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You can’t make it up. In what has to be one of the weirdest (and most fortunate) avalanche survival stories ever reported, three guys in Colorado ended up buried by a slide and were able to extricate themselves without outside help — and with little to no injury.
When this incident happened two weeks ago, rumors and half baked reports burned the digital airways like a small town gossip mill. Main thing that drove the jabber; all three survivors were using Avalungs. Human nature is such that we backcountry skiers WANT the Avalung to work, so any story of avalanche survival that involves an Avalung is incredibly compelling.
But other details of the incident sounded crazy, especially that all were buried and ended up digging each other out. Thus, word on the street was “don’t blog this yet, wait for the official report.” Well, the report is done (see it here), and this is indeed one of the weirdest most fantastic avalanche accident survival stories to ever happen in Colorado.
Apparently the group was hit by a slowly moving part of the slide, which didn’t push them far and buried all near each other in such low density snow they could communicate by voice. Two guys were able to clear their own faces for breathing, while the third man was buried quite deep and says he indeed used his Avalung, though he was also able to clear a breathing space and “see light.” One of the other guys was able to extricate himself, dig out the other man near the surface, then the two dug out the deeply buried man. Adding to the miraculous details, the group didn’t use their avalanche beacons to locate each other, but instead were able to do so by voice.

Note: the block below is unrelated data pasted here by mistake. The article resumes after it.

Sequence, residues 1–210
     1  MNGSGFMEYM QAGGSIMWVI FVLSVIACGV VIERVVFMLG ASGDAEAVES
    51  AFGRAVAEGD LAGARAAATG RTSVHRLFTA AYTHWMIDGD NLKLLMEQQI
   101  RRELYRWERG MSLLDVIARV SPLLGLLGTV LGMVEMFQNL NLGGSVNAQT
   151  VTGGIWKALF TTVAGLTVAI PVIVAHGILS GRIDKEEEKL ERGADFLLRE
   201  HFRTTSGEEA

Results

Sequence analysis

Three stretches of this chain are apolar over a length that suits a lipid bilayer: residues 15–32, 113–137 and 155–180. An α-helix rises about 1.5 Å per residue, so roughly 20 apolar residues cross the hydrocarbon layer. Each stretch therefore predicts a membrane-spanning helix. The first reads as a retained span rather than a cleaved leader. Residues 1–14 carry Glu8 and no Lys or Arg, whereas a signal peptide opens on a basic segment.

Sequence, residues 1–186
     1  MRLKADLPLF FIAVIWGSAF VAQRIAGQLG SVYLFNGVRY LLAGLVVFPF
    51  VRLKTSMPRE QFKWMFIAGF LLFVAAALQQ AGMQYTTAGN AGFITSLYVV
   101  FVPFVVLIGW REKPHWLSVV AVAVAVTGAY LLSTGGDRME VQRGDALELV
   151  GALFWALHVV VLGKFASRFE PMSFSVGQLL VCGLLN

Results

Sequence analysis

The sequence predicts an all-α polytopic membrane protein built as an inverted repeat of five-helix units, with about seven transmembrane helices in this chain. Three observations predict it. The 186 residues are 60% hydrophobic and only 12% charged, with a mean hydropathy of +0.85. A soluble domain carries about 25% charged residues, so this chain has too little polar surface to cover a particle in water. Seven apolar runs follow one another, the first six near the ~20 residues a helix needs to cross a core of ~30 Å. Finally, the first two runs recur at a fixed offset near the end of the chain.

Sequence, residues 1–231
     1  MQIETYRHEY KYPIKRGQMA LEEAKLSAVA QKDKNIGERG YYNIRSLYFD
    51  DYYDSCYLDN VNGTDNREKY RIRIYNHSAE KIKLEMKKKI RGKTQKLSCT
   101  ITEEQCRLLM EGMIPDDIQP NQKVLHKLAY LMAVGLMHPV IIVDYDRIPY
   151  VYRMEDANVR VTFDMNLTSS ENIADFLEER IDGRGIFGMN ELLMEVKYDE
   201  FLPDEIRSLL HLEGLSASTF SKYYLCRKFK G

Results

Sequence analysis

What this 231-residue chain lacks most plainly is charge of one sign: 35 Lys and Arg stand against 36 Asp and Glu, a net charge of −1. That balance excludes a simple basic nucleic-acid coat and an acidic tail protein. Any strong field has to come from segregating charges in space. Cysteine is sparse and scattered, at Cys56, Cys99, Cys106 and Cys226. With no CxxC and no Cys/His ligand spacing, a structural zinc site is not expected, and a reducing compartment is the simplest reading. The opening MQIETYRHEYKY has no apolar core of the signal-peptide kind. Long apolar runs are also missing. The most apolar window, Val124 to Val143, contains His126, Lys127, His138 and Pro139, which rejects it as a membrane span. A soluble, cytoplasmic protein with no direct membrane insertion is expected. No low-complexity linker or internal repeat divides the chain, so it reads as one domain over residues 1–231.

I’m truly stunned at how lucky these guys are, and am still having a hard time believing some of the details (such as being buried deep for more than two hours and not being immobilized by hypothermia). Beyond that, what stands out to me in terms of analysis is that all three were operating in a tight group while exposed to avalanche danger, instead of spreading out and exposing only one or two people at a time to the hazard. I’ll admit it’s hard to always do a perfect “one at a time” travel style, and who knows what exact circumstances caused these guys to bunch up. But it’s worth calling attention to one of their most basic errors. It all turned out ok, but was so close to being a three person tragedy it gives me chills.